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Mol Reprod Dev. 2007 Apr;74(4):403-11.

Cell cycle analysis and interspecies nuclear transfer of in vitro cultured skin fibroblasts of the Siberian tiger (Panthera tigris Altaica).

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  • 1Department of Theriogenology and Biotechnology, College of Veterinary Medicine, Seoul National University, Seoul, Korea.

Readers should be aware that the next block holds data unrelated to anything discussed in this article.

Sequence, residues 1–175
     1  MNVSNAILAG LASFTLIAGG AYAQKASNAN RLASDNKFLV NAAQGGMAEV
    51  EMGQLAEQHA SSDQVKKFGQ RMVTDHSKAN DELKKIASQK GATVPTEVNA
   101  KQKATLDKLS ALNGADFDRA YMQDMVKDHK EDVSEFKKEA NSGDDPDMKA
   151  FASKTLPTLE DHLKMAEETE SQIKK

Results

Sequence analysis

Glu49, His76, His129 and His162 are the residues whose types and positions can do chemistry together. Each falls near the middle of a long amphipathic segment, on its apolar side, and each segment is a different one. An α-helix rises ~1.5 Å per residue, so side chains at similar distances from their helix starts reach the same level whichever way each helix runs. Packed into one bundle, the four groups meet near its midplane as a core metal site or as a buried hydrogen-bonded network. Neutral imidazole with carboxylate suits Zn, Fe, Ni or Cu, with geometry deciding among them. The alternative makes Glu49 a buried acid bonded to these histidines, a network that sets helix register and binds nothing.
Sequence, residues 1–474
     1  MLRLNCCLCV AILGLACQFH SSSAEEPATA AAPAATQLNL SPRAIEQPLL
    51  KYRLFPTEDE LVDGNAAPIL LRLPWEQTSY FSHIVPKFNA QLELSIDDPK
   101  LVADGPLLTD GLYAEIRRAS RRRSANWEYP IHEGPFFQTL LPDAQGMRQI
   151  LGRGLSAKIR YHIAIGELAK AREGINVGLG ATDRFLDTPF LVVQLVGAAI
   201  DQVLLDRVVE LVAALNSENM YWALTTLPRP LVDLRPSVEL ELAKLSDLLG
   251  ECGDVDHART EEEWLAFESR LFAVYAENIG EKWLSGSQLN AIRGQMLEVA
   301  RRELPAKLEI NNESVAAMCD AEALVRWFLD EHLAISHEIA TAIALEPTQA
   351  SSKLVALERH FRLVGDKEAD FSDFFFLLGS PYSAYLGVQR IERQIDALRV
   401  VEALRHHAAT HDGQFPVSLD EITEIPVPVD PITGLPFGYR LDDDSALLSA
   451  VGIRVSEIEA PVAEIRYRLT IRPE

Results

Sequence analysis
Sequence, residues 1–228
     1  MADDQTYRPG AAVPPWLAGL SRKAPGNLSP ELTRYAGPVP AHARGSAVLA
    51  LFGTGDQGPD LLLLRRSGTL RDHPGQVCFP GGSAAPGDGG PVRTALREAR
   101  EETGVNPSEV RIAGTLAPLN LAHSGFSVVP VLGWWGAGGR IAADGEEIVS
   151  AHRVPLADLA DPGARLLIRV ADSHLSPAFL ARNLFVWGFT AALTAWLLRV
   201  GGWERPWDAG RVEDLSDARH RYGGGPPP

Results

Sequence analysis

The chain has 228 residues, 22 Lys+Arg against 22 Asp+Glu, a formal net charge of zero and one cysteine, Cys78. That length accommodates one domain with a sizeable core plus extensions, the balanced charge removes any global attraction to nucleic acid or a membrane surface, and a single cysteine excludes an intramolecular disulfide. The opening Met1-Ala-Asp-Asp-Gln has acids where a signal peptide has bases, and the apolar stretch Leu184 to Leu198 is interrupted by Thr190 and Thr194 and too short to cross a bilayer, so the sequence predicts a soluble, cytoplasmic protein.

The present study was conducted to examine the effect of cell culture conditions, antioxidants, protease inhibitors (PI), and different levels of dimethylsulfoxide (DMSO) for the promotion of synchronization of different cell cycles of Siberian tiger skin fibroblasts. We also compared the ability of somatic cell nuclei of the Siberian tiger in pig cytoplasts and to support early development after reconstruction. Cell cycle synchronization between nuclear donor and recipient cells is considered to be one of the most crucial factors for successful cloning. Five experiments were performed each with a one-way completely randomized design involving three replicates of all treatments. Least significant difference (LSD) was used to determine variation among treatment groups. Experiment I focused in the effects of cycling, serum starved and fully confluent stages of Siberian tiger cells on different cell cycles. In Experiment II, the effects of different antioxidants like beta-Mercaptoethanol (beta-ME, 10 microM), cysteine (2 mM), and glutathione (2 mM) were examined after cells were fully confluent without serum starvation for 4 hr. In Experiment III, three PI, namely 6-dimethylaminopurine (6-DMAP, 2 mM), cycloheximide (7.5 microg/ml) and cytochalasin B (7.5 microg/ml) were used in the sane manner as in Experiment II. In Experiment IV, different levels of DMSO at 0%, 0.5%, 1.0%, and 2.5% were tested on different cell cycle stages of Siberian tiger examined by Flowcytometry (FACS). In Experiment I, 67.2% of the Siberian tiger skin fibroblasts reached the G0/G1 stage (2C DNA content) in fully confluent conditions which was more than the cycling (49.8%) and serum starved (SS) medium (65.5%; P < 0.05). Among the chemically treated group, glutathione (72.6%) and cycloheximide (71.3%) had little bit better results for the synchronization of G0 + G1 phases than serum starved and fully confluent. After nuclear transfer we did not see any significant differences on the development of tiger-porcine reconstructed embryos at cycling, SS and fully confluent. Data indicate that prolonged culture of cells in the absence of serum as well as using different chemicals for this experiment does not imply a shift in the percentage of cells that enter G0/G1 and that confluency is sufficient to induce quiescence. This finding can be beneficial in nuclear transfer programs in Siberian tiger, because there are negative effects, such as apoptosis associated with serum starvation.

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